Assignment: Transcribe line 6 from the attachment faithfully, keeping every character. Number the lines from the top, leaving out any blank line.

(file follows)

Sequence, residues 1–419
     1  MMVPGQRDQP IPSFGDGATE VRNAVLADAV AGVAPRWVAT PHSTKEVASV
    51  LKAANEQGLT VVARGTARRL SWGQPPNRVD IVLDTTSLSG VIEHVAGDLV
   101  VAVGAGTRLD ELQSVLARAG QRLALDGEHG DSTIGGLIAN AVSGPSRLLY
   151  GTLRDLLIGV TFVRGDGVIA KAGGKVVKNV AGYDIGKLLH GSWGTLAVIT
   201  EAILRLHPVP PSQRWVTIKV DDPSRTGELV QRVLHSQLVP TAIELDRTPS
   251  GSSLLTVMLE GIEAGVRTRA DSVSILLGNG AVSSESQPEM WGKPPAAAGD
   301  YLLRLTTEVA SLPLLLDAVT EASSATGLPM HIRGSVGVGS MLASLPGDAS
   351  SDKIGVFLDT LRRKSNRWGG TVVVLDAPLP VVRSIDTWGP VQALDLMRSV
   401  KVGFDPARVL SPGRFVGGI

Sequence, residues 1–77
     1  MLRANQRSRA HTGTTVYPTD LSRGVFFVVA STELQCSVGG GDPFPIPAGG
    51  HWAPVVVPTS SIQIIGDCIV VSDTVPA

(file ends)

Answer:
   201  EAILRLHPVP PSQRWVTIKV DDPSRTGELV QRVLHSQLVP TAIELDRTPS